“What is wrong with challenging a kid who made some mistakes?” Izzo said. “Aaron Henry, trust me, did some things you can’t do as a starter on a top-five team, and they were effort-related. So he’s going to get challenged and held accountable. That is my job. I don’t know why everybody gets so bent out of shape about that.”

I don’t know if everybody was bent out of shape, or just jarred by the scene. And again, as long as lines aren’t crossed, it doesn’t really matter. Izzo’s approach doesn’t always work with all players, but whatever he’s done with this undermanned team, it’s working.

Henry had a rough game, committed five turnovers and even missed a dunk with the Spartans barley hanging on, 56-55, with 5:26 left. But he bounced back moments later with a short jumper that nudged the lead to 58-55. It was a struggle for a few players, including Kenny Goins, who was 1-for-10 (0-for-7 on 3-pointers). Michigan State needs Goins to regain his shooting touch, needs Matt McQuaid to continue his clutch play, and needs Nick Ward to work himself back into playing shape.

The Spartans also need one talented freshman not to play like a freshman.

“I was playing so bad, on offense and defense, all areas of the game,” Henry said. “I’ll shake it off and be ready for Saturday. It’s OK. He’s gonna yell, it’s what he does, and you gotta accept it. Listen to what he says and apply it to the game. You can’t listen to how he says it, but what he says.”

Buy in

The approach works when leaders convince their teammates it works, and that’s where Winston is doing some of his finest work. Whether counseling young players or finding cracks in a tough Bradley defense, Winston does what it takes. This was the Spartans’ fourth game in seven days after winning the Big Ten tournament, and it showed.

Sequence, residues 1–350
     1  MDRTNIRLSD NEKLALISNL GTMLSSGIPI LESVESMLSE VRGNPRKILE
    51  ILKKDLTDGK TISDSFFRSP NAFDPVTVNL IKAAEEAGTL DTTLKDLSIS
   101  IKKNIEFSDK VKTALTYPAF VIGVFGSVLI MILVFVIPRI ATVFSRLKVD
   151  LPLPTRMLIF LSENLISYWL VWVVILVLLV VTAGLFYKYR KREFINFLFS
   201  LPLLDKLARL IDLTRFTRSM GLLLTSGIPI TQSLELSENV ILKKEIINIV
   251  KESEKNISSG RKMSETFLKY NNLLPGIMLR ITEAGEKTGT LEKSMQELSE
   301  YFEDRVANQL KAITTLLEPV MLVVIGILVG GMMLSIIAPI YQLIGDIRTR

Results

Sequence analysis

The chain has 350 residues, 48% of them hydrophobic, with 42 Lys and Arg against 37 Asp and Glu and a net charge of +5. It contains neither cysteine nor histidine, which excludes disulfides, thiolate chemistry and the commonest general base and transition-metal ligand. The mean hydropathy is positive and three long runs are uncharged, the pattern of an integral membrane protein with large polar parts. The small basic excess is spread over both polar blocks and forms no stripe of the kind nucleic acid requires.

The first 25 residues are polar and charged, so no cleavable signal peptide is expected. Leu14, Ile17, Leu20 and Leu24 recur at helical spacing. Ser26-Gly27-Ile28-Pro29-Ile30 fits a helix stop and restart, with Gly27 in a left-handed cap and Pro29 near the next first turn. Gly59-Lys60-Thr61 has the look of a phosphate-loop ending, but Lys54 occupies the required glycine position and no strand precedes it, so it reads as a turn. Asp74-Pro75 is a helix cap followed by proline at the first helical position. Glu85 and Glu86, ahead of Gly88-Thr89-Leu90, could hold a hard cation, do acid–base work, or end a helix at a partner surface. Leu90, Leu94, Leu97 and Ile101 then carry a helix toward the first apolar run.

Bradley was legitimately fearless, led by point guard Darrell Brown, who the day before had declared his team every bit as good as Michigan State. For much of the game, he backed it up. And then Winston backed him down, slipping loose while the Spartans took over on the boards, outrebounding the Braves 23-7 in the second half.

“I thought Cassius Winston did the best job of leading, from the moment we walked in this building, that he’s done in his career,” Izzo said. “I’m so damn proud of that kid, because he did say stuff in the huddle, on the court, and when he didn’t do his job, I’m also picking on him. … I told him, I know I’ve ridden you like Seattle Slew, but I’m gonna ride you some more.”

In a program built on toughness and raw honesty, sweat equity is a non-negotiable trait, and fatigue is not an alibi. Now the Spartans seemingly get a break, facing Minnesota, which upset Louisville. Michigan State blasted the Gophers 79-55 in their only meeting in East Lansing.

The Spartans could use a break, after getting slotted as a No. 2 seed in the rugged East Region with Duke. But they can’t expect a break from their coach, driving as hard as ever to erase disappointments the past three Tournaments.

“My job is to grind it, and I’m gonna keep grinding it,” Izzo said. “That was a helluva effort by a team that really had zero rest because of that turnaround, and if somebody doesn’t like that as an excuse, too bad.”

No excuses accepted this time of year. In the Spartans’ opener, everyone was vividly reminded of that.


Twitter: @bobwojnowski

East Region


Tip-off: 7:45 p.m. Saturday, Wells Fargo Arena, Des Moines, Iowa

TV/radio: CBS/760

Records: Michigan State 29-6, Minnesota 22-13

Next up: Winner faces No. 3 LSU or No. 6 Maryland in the Sweet 16